Super-mutual merger set for August
The Britannia Building Society and Co-operative will merge to create a super-mutual on 1 August following a successful vote by members.
More than 450,000 members of the building society voted at its annual general meeting, with 88% of savings customers and 86% voting in favour of the merger. Although both organisations are mutuals, this is the first time two different member-owned businesses have merged.
Together the new business will boast nine million customers, 12,000 employees and more than 300 branches. It will also have £70 billion of assets behind it, a fact that should leave the super-mutual well-placed to weather the economic storm, according to Co-operative chairman, Bob Burlton.
"This move will accelerate the momentum within the co-operative and mutual sector,” he says. “Both businesses have been pursuing successful strategies independently and are strong in their own right but we recognise we could be even more successful by coming together to create the UK's most trusted financial services business."
The merger will become effective from 1 August, subject to confirmation by the Financial Services Authority. After this time, Britannia will become a wholly owned subsidiary of The Co-operative Group. Its members will become members and co-owners of The Co-operative Group.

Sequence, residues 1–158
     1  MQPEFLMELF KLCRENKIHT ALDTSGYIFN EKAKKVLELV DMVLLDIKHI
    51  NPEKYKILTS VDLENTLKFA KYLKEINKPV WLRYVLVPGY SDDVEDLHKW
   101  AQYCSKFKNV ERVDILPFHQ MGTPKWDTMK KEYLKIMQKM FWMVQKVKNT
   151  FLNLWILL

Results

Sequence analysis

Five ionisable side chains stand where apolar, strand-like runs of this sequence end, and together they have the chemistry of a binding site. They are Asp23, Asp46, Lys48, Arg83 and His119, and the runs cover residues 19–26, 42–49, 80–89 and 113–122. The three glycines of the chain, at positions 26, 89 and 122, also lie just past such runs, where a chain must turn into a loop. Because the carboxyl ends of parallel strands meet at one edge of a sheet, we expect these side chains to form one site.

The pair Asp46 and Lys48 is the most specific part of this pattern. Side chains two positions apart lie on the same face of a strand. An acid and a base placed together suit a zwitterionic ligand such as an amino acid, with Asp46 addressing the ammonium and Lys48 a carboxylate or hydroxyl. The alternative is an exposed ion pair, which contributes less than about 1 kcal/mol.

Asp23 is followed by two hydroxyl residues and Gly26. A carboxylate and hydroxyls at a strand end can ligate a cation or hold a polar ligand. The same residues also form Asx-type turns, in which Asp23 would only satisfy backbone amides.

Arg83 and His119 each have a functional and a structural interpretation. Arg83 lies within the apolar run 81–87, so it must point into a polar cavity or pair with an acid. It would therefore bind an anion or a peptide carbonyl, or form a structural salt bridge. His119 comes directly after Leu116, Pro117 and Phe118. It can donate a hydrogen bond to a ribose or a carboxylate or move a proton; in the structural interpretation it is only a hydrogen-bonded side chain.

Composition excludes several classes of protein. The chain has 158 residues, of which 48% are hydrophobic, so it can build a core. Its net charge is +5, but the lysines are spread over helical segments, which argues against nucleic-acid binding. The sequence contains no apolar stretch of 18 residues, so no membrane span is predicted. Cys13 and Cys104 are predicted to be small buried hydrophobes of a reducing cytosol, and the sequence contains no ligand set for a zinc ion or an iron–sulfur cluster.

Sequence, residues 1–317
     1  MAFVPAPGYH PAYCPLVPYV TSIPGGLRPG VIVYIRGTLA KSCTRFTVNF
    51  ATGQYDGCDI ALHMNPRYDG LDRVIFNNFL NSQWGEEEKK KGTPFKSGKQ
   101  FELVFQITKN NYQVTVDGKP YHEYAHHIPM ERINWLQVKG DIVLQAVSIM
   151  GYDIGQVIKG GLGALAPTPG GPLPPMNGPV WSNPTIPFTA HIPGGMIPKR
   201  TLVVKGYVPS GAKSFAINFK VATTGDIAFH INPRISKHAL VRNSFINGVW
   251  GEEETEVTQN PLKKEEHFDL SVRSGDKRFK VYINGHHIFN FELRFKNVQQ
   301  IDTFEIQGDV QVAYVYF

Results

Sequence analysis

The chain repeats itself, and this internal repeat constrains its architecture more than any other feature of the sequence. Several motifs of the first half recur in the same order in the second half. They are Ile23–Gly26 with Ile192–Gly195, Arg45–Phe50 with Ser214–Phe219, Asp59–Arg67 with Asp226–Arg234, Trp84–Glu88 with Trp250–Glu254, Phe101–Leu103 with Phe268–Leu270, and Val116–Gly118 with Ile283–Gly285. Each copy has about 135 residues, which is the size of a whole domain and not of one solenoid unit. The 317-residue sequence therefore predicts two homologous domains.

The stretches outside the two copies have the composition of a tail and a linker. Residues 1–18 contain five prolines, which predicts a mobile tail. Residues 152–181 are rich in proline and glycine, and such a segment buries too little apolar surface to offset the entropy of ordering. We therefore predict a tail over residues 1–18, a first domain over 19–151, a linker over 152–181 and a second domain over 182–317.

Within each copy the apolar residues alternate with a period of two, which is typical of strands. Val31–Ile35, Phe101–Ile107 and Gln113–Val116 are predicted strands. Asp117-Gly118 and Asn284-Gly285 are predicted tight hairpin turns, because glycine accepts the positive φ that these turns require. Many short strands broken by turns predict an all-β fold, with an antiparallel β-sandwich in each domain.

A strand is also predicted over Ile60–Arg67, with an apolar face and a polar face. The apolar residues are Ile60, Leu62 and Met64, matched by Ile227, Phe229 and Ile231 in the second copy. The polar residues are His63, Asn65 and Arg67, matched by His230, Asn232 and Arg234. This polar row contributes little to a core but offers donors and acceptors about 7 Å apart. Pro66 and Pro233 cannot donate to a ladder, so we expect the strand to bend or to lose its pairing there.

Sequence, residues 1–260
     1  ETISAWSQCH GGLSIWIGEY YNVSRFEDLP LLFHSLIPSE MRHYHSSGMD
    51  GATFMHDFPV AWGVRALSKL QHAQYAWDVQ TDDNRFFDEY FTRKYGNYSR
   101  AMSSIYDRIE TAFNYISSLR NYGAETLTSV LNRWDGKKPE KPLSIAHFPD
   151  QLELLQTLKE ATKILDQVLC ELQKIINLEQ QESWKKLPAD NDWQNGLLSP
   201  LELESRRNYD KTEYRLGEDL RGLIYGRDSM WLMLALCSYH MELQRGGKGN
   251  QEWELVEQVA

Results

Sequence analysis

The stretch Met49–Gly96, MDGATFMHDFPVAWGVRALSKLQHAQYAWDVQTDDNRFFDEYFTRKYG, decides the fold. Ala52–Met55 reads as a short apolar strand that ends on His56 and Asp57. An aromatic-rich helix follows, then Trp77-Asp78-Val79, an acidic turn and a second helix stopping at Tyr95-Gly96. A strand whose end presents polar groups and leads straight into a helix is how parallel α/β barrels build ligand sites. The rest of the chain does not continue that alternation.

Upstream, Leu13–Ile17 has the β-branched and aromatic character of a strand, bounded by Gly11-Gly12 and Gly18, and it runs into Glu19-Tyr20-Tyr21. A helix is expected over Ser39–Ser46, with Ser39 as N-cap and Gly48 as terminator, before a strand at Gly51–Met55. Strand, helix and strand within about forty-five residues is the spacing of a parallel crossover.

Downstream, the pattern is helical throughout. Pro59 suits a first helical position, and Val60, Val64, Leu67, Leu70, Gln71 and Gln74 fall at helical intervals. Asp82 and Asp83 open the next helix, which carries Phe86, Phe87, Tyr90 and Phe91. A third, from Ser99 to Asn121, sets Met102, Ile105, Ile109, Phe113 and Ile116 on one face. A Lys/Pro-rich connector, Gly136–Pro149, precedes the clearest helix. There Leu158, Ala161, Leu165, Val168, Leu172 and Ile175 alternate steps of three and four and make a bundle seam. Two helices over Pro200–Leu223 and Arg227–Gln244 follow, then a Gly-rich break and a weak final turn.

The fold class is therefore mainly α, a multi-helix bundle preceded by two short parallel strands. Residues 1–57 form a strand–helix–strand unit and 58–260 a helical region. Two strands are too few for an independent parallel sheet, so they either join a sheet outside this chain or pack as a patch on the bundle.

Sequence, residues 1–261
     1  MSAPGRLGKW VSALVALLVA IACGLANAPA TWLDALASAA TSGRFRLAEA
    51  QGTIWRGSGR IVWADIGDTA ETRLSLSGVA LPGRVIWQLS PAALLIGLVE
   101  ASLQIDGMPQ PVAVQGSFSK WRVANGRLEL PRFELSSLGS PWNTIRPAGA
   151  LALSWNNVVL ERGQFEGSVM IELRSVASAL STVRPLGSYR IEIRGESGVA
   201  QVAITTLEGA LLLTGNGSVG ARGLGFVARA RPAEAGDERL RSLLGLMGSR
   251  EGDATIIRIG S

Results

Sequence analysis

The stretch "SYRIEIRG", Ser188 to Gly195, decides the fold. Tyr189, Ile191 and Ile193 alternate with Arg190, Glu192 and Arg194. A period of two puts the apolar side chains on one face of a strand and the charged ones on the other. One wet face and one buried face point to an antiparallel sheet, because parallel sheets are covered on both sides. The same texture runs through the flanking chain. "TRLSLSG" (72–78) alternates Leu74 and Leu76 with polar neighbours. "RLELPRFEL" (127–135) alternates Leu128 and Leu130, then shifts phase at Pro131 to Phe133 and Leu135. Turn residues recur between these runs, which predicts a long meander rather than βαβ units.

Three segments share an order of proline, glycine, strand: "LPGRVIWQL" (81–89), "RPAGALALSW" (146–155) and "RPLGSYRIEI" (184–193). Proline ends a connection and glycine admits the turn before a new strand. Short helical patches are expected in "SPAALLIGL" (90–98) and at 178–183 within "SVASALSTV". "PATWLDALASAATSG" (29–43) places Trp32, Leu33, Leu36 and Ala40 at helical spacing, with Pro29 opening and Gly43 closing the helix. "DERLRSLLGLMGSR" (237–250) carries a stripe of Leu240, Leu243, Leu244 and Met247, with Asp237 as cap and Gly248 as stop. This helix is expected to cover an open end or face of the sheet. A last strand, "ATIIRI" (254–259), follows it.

However, the full integration of the two businesses is likely to take up to two years, and customers will see no immediate change to the products and services they receive. The combined business will be led by Britannia’s group chief executive, Neville Richardson, while Burlton will chair the new board.
Richardson says: "The combined and complementary strengths of our businesses will offer customers a strong, fair and ethical alternative to banks. Customers will be owners and will have available all the services they would expect from a major financial provider, together with a real say in setting strategy and a share of the profits."
This is a mutual organisation owned by its members and not by shareholders. These societies offer a range of financial services but have historically concentrated on taking deposits from savers and lending the money to borrowers as mortgages, hence the name. In the mid-1990s many societies “demutualised” and became banks. One academic study (Heffernan, 2003) found demutualised societies’ pricing on deposits and mortgages was more favourable to shareholders than to customers, with the remaining mutual building societies offering consistently better rates. In 1900, there were 2,286 building societies in the UK; in 2011, there are just 51.